Yet there are nuances in calls for returning to traditionalism. As early as 1984—well before Buddhism consolidated itself in Western popular consciousness as a hip, cool-with-science spiritual lifestyle—Lance Cousins laid out what Heinz Berchert and other Buddhist Studies scholars were noticing in Sri Lanka: a new form of neo-traditionalism that, while seeking a return to tradition, possesses striking progressive ideas. Berchert’s observations about neo-traditionalism reveal a harmony of radicalism and reformism.

1. The Buddhist contribution to the worldwide so-called ‘green’ movement; [my emphasis]

2. A reaction against Buddhist nationalism; [my emphasis]

3. Reassertion of the teachings and values of traditional Buddhism;

4. Radical return to the roots of Buddhism (e.g. Santi Asoke);

5. Renewal of the ideals of the ‘forest-dwelling’ monks;

6. Revival of samatha meditation;

7. Revival of ritualism; [my emphasis]

8. Syncretism with various other Buddhist traditions; [my emphasis]

9. A tendency towards ‘remythologization’; [my emphasis]

10. Reassertion of women’s rights. [my emphasis]

(Cousins 2002, 188–89)

Taken at face value, neo-traditionalism is far from a clear-cut return to the “old ways”—it is pro-environment, pro-women, and anti-nationalism. It is therefore incompatible with the hard right, “Dark Zen” expression of libertarianism and misogyny in the US. It advocates a degree of syncretism that, in light of increasing doubt about how clear-cut sectarianism was between the Three Vehicles historically, is starting to make sense to more Buddhists. And finally, its conservative instincts tend toward preserving ritual and re-telling the myth of Buddhist truths in the highest sense: timeless truths transmitted to inspire.

As a 2022 Pew survey noted, different national expressions of neo-traditionalism hold together beliefs that might not be immediately seen as congruous. For example, upward of nine-in-ten Buddhists in Sri Lanka, Cambodia and Thailand say being Buddhist is important to “being truly part of their nation.” Most surveyed Buddhists in these three countries support basing laws on Dharma. Cambodian Buddhists (96 per cent), Sri Lankans (80 per cent), and Thais (56 per cent) support basing national laws on Buddhist teachings and practices. (Pew Research Center) Yet Malaysia and Sri Lanka, as diverse countries, also had a majority of surveyed Buddhists (62 per cent) saying that diversity made their country better. The same statistic applied for Sri Lankan Buddhists. (Pew Research Center)

The American experience shares the task of navigating various tensions that result in a harmonious and intellectual congruent blend of principles that are more honest and respectful of Buddhism’s shaping spiritual identity. One of the ways Western Buddhism might do this is “going local”—becoming part of the civic membrane of the societies it finds itself in, and exploring what radicalism and reformism, working together as complements rather than opposites, might mean. One recent example in Australia has been how Ven. Mettaji of the Australian Sangha Association (ASA) has helped to bring the voice of Australian Buddhists to a looming big issue in the country, the referendum on changing the constitution for an Indigenous voice in Canberra’s parliament. Regardless of which tradition one follows, a healthy civic interest seems to be one defining quality that could help Buddhists move closer to Berchert’s list: staying true to Buddhism’s roots, but not by simply turning back time or regressing.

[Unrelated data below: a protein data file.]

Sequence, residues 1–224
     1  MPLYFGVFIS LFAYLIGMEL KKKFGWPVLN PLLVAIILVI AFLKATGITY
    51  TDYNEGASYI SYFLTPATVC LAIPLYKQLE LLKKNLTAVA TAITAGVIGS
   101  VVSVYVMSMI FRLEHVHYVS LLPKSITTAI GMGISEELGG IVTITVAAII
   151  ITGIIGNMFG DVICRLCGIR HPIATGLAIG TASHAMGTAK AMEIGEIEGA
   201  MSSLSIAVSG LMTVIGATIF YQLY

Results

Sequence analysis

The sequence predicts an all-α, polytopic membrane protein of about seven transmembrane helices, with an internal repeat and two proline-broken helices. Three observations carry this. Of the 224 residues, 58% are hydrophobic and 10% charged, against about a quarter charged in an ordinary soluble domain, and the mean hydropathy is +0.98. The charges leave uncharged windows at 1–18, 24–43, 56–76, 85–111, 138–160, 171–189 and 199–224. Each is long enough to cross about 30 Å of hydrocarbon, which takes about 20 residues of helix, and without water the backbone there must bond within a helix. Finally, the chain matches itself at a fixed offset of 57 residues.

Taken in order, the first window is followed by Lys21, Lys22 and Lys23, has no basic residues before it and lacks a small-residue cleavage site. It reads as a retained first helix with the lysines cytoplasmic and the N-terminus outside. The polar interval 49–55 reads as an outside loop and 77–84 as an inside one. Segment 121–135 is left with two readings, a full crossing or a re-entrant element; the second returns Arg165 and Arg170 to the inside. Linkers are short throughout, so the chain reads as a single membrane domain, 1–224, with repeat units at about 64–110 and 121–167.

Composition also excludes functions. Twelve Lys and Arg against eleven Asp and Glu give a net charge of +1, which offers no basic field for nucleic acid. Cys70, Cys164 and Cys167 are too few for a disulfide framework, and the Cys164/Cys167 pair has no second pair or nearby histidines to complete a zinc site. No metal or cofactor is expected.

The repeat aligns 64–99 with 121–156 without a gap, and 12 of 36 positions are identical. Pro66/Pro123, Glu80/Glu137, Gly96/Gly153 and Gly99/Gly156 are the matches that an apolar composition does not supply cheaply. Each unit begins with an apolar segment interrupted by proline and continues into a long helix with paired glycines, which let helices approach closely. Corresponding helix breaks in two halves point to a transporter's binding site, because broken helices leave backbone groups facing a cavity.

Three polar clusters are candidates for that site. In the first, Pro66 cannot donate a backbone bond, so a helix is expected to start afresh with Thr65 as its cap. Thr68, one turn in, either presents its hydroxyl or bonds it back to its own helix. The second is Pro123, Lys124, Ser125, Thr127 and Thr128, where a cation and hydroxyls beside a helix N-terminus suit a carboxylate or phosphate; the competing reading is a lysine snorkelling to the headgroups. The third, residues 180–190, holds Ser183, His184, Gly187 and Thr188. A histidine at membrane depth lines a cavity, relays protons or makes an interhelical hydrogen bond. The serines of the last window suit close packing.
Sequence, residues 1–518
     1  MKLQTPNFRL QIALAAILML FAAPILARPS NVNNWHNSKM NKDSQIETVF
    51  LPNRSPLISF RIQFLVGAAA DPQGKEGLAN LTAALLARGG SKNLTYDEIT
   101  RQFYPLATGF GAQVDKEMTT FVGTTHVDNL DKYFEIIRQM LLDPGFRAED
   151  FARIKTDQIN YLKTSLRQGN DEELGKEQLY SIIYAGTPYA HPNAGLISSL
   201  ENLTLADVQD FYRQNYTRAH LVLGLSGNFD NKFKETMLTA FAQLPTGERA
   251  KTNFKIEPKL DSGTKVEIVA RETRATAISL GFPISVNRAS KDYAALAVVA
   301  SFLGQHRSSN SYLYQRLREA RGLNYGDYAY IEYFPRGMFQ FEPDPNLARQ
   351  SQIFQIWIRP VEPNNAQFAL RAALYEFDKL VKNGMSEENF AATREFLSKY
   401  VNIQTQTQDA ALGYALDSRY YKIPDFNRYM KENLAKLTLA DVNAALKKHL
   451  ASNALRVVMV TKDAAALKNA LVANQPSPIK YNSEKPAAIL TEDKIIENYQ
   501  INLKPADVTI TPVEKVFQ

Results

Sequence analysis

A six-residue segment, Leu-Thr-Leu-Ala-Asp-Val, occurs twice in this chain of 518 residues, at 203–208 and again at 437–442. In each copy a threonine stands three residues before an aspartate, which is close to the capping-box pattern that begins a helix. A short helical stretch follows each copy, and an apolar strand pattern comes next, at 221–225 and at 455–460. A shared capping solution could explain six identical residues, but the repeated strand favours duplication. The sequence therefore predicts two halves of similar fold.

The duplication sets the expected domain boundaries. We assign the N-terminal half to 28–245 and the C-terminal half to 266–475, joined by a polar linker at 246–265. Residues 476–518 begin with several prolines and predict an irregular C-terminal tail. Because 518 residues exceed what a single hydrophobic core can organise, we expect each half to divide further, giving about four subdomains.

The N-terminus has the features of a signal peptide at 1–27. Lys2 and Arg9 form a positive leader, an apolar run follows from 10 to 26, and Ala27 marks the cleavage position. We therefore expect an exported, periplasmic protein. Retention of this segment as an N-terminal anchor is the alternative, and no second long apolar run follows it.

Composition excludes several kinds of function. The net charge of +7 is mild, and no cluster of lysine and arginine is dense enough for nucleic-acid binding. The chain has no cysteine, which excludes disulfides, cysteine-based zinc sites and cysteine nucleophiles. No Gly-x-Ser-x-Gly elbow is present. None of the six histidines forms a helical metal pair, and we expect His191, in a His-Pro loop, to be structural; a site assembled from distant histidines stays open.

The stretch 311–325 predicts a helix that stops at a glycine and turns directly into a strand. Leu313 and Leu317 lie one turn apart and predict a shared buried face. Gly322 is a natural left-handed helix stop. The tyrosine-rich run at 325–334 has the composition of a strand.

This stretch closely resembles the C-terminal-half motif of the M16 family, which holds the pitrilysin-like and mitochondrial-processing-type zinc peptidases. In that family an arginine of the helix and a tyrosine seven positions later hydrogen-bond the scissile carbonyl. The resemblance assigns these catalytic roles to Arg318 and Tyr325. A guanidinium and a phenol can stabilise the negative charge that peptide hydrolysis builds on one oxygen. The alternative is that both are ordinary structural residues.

Many Buddhist teachers in Asia and beyond admire the reforming tendencies of Western Buddhism. A 2015 Pew survey predicted a decline of the world Buddhist population from seven per cent in 2010 to five per cent by 2050. (Pew Research) While this is largely due to an aging population and low fertility-rate across the Buddhist world in individual countries like Japan, the demographic situation is concerning to the point that more extreme scenarios illustrate a potential total collapse in Buddhist numbers. As Anam Thubten Rinpoche noted, barring unexpected U-turns, the Buddhist population will decline faster than those of other traditions, thus weakening the power of temples to attract adherents, and leaving us with no real solutions to the aging question.*

To stave off these facts of life, a bold and clear articulation of Buddhism’s timeless truths, complemented by a progressive engagement in civic life, seems to be essential for not only revitalizing Western Buddhism, but also for the sasana’s fate globally.

*The Future of Buddhism (BDG)


Lance Cousins. 2002. “Aspects of Esoteric Southern Buddhism.” In Peter Connolly and Sue Hamilton (eds.). Indian Insights: Buddhism, Brahmanism and Bhakti: Papers from the Annual Spalding Symposium on Indian Religions. Luzac Oriental.

See more

The Future of World Religions: Population Growth Projections, 2010-2050 (Pew Research Center)
Buddhism, Islam and Religious Pluralism in South and Southeast Asia (Pew Research Center)